Just a half century prior to the founding of the town of Blakeley, an Apalachee Indian village stood on this spot. The village was founded in the early 1700s by Apalachee refugees fleeing warfare in Florida for the relative safety of French territory and occupied until approximately 1765.
The Apalachees were a powerful tribe that traced its ancestry back to the prehistoric peoples that occupied what is now northern Florida and southern Georgia. In the 1600s, the Apalachees allowed Spanish priests to establish missions in their towns, and many converted to Christianity as a result. During Queen Anne's War (1702-13), fought between Britain, France, and Spain for control of the North American continent, raids by the British and their Native American allies severely disrupted life in Apalachee communities. In a devastating series of raids that became known collectively as the "Apalachee Massacre," British-led forces destroyed several towns resulting in the deaths of hundreds and the enslavement of well over 1,000 people. Survivors of these attacks fled northern Florida in 1704 and 1705. With the permission and encouragement of French officials at Mobile, Apalachees from Mission San Luis (modern Tallahassee) settled in the Mobile Bay area. Some established a village north of Mobile, with others settling on this site.
Apalachees abandoned this location after France ceded its holdings in this region to Britain following defeat in the Seven Years War (1756-1763; known as the French and Indian War in North America). They established a new settlement in French-held territory along the Red River in central Louisiana, where a few hundred descendants remain today. Their legacy survives in Alabama in the form of place names, including the nearby Apalachee River. Bayou Salome, which runs through the park and empties into the Tensaw River a short distance to the north, is named in honor of the wife of a chief of the Apalachees in the mid-1700s.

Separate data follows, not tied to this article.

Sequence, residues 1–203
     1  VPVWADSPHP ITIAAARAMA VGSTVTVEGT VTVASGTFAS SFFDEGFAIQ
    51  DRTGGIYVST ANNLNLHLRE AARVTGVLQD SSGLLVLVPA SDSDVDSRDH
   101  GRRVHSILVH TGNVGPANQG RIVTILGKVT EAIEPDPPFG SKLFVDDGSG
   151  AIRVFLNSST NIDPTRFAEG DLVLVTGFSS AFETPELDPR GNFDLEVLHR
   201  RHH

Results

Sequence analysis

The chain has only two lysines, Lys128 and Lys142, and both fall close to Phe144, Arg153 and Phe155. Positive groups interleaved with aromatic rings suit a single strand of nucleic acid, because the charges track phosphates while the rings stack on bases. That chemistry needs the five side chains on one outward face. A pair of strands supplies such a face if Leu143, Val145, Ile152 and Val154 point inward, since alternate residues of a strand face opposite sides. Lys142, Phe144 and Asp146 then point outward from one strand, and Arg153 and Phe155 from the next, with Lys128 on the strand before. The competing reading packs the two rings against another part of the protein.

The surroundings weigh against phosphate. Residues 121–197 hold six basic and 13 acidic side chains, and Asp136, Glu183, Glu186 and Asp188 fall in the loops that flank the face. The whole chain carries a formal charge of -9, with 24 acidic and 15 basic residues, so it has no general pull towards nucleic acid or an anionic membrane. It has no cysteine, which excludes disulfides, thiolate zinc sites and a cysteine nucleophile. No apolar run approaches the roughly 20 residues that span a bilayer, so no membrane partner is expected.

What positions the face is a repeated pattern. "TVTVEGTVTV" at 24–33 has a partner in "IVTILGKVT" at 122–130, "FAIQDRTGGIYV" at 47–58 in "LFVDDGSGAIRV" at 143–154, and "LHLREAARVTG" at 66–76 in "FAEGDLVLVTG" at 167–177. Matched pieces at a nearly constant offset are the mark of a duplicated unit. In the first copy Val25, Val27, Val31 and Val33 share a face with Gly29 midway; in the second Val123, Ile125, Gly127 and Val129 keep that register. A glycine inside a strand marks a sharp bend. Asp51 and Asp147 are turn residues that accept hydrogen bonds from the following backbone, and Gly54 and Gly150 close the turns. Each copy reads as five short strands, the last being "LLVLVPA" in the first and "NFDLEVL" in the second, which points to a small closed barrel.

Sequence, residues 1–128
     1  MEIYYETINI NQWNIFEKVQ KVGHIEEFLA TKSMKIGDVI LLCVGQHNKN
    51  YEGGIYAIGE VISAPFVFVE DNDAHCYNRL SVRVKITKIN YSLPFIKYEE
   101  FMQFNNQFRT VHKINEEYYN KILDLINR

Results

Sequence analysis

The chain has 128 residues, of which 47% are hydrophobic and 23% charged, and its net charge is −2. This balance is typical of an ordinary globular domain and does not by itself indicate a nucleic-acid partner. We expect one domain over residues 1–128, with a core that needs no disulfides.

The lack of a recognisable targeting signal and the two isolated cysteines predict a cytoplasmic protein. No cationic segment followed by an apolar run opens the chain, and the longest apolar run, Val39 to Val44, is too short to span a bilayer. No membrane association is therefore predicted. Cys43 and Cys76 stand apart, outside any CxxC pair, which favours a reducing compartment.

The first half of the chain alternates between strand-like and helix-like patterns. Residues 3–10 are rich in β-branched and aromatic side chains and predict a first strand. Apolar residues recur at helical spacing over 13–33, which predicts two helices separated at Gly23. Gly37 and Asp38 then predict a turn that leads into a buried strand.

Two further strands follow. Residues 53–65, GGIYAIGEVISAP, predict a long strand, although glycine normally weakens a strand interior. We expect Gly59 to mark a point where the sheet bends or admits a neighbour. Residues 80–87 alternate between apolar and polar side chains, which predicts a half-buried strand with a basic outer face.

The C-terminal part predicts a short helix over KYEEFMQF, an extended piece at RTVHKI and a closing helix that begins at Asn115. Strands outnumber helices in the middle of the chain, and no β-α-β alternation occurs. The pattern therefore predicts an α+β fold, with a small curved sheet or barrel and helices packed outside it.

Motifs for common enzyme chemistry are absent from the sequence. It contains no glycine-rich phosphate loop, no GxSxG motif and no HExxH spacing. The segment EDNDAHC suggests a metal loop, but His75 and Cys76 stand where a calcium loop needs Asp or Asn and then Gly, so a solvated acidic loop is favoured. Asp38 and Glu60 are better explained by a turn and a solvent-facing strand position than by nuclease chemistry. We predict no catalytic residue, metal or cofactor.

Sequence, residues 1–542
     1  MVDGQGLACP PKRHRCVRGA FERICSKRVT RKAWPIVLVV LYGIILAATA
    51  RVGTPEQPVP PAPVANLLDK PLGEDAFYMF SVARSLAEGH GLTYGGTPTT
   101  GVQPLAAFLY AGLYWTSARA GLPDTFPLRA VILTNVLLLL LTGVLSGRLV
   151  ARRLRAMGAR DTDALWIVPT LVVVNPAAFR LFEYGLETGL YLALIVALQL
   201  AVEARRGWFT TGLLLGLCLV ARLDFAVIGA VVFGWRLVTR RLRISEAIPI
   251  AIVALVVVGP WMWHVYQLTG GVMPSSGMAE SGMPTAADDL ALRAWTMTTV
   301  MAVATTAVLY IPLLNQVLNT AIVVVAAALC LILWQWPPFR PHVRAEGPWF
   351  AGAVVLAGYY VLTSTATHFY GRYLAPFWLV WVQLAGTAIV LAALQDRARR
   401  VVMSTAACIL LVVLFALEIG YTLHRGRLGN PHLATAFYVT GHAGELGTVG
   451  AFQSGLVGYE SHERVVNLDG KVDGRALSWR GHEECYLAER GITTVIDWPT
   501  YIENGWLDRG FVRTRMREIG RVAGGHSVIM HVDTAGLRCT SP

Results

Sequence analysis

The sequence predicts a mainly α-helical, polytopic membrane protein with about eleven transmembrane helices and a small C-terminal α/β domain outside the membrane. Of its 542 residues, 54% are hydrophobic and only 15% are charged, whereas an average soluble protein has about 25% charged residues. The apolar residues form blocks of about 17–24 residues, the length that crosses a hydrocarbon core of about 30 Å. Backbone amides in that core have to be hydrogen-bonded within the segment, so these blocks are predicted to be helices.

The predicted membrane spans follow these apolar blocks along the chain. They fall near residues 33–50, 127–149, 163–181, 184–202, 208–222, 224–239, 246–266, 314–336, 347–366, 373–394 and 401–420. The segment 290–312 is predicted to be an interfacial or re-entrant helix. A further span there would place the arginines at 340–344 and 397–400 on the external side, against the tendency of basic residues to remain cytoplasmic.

The Apalachees became an important part of life in the Mobile area. Practicing Catholics, they had their own chapel and priest, participated in St. Louis Day celebrations, and had the baptisms of their children recorded in the local diocese registers. They also traded their traditional pottery, copies of European-style earthen wares, and a variety of foodstuffs they grew on their farms to the French colonists.
Top left map: Section of map of North America, 1742, showing one of the Apalachee villages on Mobile Bay along with the abandoned Apalachee homeland to the east in Florida. By Guillaume de Lisle.
Bottom left: Franciscan Church at Mission San Luis - Oil painting by Edward Jonas
Right middle: Daily
life among the Apalachees - By John LoCastro
Bottom right: This Apalachee baptismal record reads "On 5 July 1710 was baptized Salome, daughter of Charisto, an Apalache, and Therese, his wife. She was born on 28 June 1710. Godparents are Lasso and Salome, also Apalaches. —Alexandre Huve, priest"